Former US Open champion can outscore moody South African
Phil Mickelson relishing Grand Slam bid
Sky Sports Golf, 1.30pm Thursday
Former US Open champions have a mental advantage on the first tee at the second Major of the season – they know they have previously passed the ultimate test with flying colours – and that fillip could be enough for Martin Kaymer to raise his game at Shinnecock Hills this week.
Kaymer can grind with the best of them and he destroyed the field in the 2014 US Open, winning by eights shots. His ten US Open starts have resulted in only two missed cuts. Although the German has been struggling to contend in the last couple of years, slipping outside of the world's top 100, he has made the cut in his last ten Majors. The tougher tracks bring the best out of him.
Kaymer, who finished eighth in the Italian Open in his last start, is a generous 6-5 outsider to beat Charl Schwartzel over 72 holes this week.
Schwartzel got his tail up with a surprisingly good performance at Sawgrass a month ago, but he immediately slumped back into miserable form afterwards, missing the cut by two shots in the Memorial at Muirfield Village, then finishing last of the weekend qualifiers in the St Jude Classic.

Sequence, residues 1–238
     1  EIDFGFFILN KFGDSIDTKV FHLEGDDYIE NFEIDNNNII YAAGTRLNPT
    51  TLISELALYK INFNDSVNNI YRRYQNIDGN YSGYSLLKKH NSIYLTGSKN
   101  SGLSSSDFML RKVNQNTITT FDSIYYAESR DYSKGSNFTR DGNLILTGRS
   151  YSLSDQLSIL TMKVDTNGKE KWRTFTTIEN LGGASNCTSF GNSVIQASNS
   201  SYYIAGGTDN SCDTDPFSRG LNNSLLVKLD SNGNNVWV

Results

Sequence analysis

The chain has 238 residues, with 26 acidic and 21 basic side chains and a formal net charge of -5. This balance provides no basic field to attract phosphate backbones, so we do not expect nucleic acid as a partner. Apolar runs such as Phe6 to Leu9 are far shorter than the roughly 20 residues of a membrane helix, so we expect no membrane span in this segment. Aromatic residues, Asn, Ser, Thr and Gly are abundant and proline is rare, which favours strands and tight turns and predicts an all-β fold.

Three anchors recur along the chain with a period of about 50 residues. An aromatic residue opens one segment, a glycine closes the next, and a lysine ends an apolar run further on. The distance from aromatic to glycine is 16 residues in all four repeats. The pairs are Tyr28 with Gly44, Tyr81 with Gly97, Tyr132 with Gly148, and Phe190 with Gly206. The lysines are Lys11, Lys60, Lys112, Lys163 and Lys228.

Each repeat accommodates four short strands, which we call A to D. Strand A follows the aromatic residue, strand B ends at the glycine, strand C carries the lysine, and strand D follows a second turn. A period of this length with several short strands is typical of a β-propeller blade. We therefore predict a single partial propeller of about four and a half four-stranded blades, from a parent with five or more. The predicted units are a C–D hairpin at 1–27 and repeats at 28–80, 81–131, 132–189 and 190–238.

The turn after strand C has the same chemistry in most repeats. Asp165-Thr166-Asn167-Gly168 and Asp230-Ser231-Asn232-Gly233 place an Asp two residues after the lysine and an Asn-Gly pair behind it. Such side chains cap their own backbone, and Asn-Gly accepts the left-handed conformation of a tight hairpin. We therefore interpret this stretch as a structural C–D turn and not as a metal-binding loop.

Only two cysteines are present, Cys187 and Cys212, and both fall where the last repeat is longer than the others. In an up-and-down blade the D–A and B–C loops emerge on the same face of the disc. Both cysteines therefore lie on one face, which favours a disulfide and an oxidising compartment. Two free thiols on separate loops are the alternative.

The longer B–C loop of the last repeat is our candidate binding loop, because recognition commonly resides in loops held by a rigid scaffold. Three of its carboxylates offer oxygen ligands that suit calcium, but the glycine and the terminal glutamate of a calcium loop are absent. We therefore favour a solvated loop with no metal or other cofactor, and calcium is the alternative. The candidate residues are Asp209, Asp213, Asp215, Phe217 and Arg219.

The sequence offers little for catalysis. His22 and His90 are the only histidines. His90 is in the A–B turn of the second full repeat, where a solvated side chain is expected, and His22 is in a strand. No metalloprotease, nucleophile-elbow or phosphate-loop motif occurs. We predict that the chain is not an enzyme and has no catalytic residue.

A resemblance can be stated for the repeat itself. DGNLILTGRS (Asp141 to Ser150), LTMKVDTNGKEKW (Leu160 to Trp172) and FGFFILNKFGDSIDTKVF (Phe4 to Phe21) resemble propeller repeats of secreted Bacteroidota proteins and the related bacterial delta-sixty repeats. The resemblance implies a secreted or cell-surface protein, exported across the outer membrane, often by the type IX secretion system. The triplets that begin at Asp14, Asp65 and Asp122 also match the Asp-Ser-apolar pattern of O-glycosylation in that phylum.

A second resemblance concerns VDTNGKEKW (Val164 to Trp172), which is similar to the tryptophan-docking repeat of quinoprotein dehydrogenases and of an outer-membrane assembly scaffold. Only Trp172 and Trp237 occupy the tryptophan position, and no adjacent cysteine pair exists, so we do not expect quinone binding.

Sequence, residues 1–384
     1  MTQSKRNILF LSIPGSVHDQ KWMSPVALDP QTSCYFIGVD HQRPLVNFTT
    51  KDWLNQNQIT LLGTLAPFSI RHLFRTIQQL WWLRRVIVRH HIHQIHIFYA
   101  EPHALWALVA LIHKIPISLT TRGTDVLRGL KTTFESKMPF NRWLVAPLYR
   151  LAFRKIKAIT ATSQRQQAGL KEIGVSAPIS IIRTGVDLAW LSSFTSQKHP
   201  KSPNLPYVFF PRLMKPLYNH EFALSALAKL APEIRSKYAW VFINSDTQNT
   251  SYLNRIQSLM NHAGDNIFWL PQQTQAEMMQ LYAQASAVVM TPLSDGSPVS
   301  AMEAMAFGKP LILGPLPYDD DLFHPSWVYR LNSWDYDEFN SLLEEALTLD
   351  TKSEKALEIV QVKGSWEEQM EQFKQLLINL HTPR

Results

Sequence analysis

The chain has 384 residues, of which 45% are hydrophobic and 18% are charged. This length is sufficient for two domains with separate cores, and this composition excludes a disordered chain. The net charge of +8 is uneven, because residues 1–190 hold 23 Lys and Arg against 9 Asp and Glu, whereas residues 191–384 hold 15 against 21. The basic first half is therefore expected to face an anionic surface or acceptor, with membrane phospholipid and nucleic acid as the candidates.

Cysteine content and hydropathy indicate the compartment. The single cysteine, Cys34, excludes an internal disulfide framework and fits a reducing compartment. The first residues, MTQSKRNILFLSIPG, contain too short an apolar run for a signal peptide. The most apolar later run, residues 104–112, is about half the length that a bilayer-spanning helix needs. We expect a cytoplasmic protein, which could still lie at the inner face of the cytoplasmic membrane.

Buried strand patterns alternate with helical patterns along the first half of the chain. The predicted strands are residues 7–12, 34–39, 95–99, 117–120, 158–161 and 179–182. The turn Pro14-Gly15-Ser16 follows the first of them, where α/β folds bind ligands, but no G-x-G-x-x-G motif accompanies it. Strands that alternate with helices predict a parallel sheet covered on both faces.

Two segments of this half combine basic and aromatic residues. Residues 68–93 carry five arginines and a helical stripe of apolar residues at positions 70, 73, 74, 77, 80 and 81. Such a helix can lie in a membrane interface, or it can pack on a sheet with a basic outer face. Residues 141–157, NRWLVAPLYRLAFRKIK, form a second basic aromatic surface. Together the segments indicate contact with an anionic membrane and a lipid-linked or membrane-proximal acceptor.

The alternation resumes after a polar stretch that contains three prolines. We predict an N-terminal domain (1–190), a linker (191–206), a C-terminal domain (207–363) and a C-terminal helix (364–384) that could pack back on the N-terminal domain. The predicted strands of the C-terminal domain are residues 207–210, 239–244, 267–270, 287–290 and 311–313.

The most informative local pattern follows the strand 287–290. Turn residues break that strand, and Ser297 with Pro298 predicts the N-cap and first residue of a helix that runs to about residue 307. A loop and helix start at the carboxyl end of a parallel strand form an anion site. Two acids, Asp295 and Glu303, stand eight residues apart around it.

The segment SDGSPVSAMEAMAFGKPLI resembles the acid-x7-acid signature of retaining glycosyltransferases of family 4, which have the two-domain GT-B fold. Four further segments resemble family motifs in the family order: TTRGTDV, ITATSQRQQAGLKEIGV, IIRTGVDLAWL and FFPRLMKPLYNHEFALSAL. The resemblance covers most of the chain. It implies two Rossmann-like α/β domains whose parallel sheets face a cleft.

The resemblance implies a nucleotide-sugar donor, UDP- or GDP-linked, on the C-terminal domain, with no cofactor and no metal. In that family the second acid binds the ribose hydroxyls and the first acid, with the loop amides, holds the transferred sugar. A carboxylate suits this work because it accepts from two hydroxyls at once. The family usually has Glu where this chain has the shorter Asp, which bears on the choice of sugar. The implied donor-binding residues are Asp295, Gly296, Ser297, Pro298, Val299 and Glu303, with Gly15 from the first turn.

Weekend rounds of 78 and 75 sent Schwartzel to Shinnecock bereft of confidence, while Kaymer may be slowly but surely finding some self-belief. The outsider has the better temperament for this gruelling assignment and the irritable Schwartzel could quickly get ruffled.
Phil Mickelson, fourth and second in the last two US Opens at Shinnecock Hills, also looks a value outsider in a 72-hole match against Hideki Matsuyama. Half of Mickelson's six US Open runner-up finishes have come on Long Island, so he is clearly comfortable in this part of the world, and the WCG-Mexico Championship victor is relishing the challenge of attempting to complete a career Grand Slam of Major titles.
The vastly superior short-game skills of Mickelson give him a significant edge over Matsuyama on and around the lightning-fast greens.
The other match-bet option which appeals is Masters champion Patrick Reed to outscore Francesco Molinari. Reed is blessed with magic touch close to the hole and should be able to handle the difficult short-game assignment of this venue much better than Molinari, a robotic ball-striker who traditionally struggles with chipping and putting.
Hills return stakes on matches if they are tied and Reed at 8-11 with money back if he finishes on the same score as Molinari looks more than fair.
M Kaymer to beat C Schwartzel
2pts 6-5 BoyleSports
P Mickelson to beat H Matsuyama
2pts Evens Betfair, Paddy Power
P Reed to beat F Molinari
2pts 8-11 Hills (draw no bet)
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